LF: Mel Hall (.296/.346/.493, 29.4 VORP, 18 Win Shares) – Hall was the very definition of a platoon outfielder. In 1986 the left handed hitter had just 26 at bats against left handed pitchers. Basically a decent hitter against righties but completely useless against lefties. Traded to the Yankees before the 1989 season and I’ll just post his awesome bio on BaseballLibrary.com to talk about the rest of his career.
CF: Brett Butler (.278/.356/.375, 18.3 VORP, 20 Win Shares) – Very good leadoff hitter he was the master of the bunt single. Was a late bloomer as his prime was actually in his early-30’s. Signed with the Giants after 1987, played there for three years then became one of the most hated players by Giants fans when he signed with the Dodgers after 1990. Traded late in 1995 to the Mets and then came right back to the Dodgers, retiring after 1997.
RF: Joe Carter (.302/.335/.514, 49.9 VORP, 28 Win Shares) – Although later recognized more for his playing days with the Blue Jays, 1986 was actually Carter’s best year (trend!). Indians traded him to San Diego after 1989 for Sandy Alomar, Carlos Baerga, and Chris James. Almost exactly a year later he would be traded in a blockbuster deal to Toronto with Roberto Alomar for Fred McGriff and Tony Fernandez. Played for the Blue Jays for seven years and of course became a World Series hero in 1993. Split his final season in 1998 with Baltimore and San Francisco.
DH: Andre Thorton (.229/.333/.392, 7.0 VORP, 9 Win Shares) – Thorton was washed up at this point after being an unsung, very good DH for several years. Played in only 36 games the following year hitting just .118, his final season.
UTL: Cory Snyder (.272/.299/.500, 19.5 VORP, 13 Win Shares) – I figured I’d throw Snyder in since he was on that infamous S.I. cover and it was partly the hype behind him that led to the Indians being overrated going into the following year. He hit 24 homeruns in only 103 games as a rookie but no one bothered to notice his .299 OBP and that he struck out 123 times with only 16 walks! Having 100+ more strikeouts than walks is hard to do and Snyder did it three more times in his career. Traded in 1991 to Toronto, then signed with San Francisco, and then played two years in Los Angeles.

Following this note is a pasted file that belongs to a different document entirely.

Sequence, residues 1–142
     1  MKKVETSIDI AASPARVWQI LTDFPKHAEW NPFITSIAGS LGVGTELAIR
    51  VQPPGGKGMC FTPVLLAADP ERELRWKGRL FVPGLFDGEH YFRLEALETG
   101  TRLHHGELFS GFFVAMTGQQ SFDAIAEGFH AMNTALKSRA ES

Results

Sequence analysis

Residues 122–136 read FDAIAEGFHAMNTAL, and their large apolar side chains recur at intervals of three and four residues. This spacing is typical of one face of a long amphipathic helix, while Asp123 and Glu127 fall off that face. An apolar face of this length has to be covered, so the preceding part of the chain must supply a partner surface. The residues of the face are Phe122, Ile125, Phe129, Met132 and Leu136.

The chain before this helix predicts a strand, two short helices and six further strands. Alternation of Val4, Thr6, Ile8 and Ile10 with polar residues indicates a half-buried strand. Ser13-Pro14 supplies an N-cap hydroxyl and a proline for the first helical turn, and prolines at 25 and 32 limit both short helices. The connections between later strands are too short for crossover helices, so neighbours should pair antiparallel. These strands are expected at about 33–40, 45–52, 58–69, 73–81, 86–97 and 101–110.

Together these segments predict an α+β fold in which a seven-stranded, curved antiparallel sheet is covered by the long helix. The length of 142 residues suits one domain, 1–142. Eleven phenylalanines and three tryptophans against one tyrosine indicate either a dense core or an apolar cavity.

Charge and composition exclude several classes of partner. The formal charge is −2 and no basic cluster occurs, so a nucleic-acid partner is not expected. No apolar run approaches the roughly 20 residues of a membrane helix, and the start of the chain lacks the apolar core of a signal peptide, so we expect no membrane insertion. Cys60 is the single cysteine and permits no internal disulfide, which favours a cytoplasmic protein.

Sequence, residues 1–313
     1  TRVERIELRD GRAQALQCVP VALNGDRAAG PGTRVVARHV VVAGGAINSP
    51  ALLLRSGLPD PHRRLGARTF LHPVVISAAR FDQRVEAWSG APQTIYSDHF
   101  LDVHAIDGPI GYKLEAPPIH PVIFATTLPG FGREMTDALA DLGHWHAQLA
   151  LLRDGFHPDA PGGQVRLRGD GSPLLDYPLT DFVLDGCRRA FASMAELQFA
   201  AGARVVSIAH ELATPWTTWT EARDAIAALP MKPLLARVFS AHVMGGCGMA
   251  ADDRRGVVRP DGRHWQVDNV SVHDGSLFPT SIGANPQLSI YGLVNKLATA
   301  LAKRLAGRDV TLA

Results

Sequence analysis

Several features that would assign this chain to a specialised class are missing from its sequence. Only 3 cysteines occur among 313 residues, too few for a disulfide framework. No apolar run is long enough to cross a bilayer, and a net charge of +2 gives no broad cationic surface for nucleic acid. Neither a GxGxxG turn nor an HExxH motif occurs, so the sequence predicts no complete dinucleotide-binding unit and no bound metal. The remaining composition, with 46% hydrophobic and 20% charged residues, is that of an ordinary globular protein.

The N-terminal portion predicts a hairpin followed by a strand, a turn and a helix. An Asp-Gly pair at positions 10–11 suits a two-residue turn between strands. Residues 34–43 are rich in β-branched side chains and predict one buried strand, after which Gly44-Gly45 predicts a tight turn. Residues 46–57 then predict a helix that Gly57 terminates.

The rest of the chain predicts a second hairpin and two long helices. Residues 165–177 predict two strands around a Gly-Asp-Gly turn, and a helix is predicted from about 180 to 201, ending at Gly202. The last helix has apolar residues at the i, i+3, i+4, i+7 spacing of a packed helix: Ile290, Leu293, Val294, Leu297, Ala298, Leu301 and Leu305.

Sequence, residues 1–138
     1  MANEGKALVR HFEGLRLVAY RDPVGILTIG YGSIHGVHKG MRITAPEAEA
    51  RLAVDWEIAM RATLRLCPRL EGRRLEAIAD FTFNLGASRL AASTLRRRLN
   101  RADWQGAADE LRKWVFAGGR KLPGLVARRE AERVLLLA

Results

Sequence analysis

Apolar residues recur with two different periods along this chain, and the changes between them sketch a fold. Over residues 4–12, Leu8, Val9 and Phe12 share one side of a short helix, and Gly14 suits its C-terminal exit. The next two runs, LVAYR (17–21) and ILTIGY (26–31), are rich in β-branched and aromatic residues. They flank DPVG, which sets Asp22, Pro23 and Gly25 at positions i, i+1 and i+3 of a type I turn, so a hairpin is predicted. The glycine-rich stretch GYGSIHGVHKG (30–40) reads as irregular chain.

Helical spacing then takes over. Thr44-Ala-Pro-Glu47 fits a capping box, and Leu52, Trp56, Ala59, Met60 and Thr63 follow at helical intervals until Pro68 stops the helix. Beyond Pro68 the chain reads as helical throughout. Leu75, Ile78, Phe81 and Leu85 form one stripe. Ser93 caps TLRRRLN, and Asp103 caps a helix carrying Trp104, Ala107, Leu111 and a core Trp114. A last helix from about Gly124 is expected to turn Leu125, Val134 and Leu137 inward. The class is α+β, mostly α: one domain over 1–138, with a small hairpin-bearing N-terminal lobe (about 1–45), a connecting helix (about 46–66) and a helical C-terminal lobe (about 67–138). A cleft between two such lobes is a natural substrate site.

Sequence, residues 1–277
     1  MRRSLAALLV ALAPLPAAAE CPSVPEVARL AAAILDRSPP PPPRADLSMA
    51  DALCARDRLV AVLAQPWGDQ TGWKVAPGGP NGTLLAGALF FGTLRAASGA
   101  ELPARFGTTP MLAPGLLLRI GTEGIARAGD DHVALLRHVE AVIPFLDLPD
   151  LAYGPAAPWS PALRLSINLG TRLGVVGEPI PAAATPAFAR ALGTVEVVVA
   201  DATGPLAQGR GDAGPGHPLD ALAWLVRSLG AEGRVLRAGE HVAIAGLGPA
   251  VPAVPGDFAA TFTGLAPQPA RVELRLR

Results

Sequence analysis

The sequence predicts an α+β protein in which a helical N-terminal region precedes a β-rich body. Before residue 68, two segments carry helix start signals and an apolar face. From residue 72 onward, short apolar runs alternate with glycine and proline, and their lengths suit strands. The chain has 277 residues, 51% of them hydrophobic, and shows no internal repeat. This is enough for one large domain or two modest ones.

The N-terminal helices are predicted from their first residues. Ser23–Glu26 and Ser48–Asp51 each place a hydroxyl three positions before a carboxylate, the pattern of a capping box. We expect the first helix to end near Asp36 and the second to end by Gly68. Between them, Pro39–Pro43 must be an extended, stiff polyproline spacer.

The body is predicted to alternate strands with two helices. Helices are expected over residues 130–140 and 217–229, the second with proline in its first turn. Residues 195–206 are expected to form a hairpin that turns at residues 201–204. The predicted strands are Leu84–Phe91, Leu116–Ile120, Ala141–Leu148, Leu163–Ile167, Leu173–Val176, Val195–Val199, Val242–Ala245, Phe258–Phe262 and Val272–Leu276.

Tom Candiotti (116 ERA+, 47.6 VORP, 17 Win Shares) – This was Candiotti’s first full year in the Majors and he was the Indians only good pitcher in 1986, leading the A.L. with 17 complete games. Traded to the Blue Jays in 1991 in a five player deal. Then signed with Dodgers who he played with for six years. Signed with the A’s after 1997 then released during the 1999 season but was picked up for a return to Cleveland. Signed with the Angels before the 2000 season but did not make the team.
Ken Schrom (91 ERA+, 12.4 VORP, 10 Win Shares) – The Indians offense helped the mediocre pitcher to 14-7 record and an All-Star selection. Posted a 6.50 ERA the following year which would be his last in the Majors.
Phil Niekro (96 ERA+, 7.3 VORP, 9 Win Shares) – I doubt we’ll ever see another rotation with two knuckleballers on it and besides everyone knows only Doug Mirabelli can catch them. Anyways Niekro was 47 at this point and was no longer effective. His final year come next season as the Indians traded him in August to Toronto who released him a few weeks later. Picked up for a purely sentimental final start with the Braves and retired after the season. Inducted into the Hall of Fame in 1997.
Closer: Ernie Camacho (102 ERA+, 9.9 VORP, 7 Win Shares) – A former 1st round pick of the A’s he had an injury filled, sporadic career and this was one of only two years that he threw more than 30 innings.
My 1987 A.L. MVP Redo helped me find my next “Where’d They Go?” subject as there was one team that year that had three players in my top 10, that being the Boston Red Sox. Wade Boggs, Roger Clemens, and Dwight Evans all had great years and having three players of that caliber playing for the defending A.L. Champs you’d think that'd lead to a successful year. They finished 78-84. What happened?
Obviously three stars can not lead a team of 25 to a championship. After you got past those three and Mike Greenwell the ’87 Sox were a terrible team. They spent just one day over .500 (8-7 on April 22nd) the entire season. The major problem was pitching as they posted 4.77 team ERA, only Baltimore and Cleveland were worse. The bullpen was particularly awful with an ERA of 5.42 and only 16 saves. Maybe the most glaring problem for the Red Sox was they were seemingly a completely different team on the road. They were a very strong 50-30 at home. They were a miserable 28-54 on the road.
C: Marc Sullivan (.169/.198/.238, -14.7 VORP, 2 Win Shares) – 14 OPS+. 14! How is that even possible for a non-pitcher? Sullivan was part of a three headed non-hitting monster at catcher for the Sox along Rich Gedman and John Marzano. The previously reliable Gedman heldout the first month of the season and then had a thumb injury midseason. How in the world was Sullivan in the Majors you ask? His dad Haywood Sullivan was co-owner of the Red Sox at the time. Aww nepotism. This would be Sullivan’s last year in the bigs.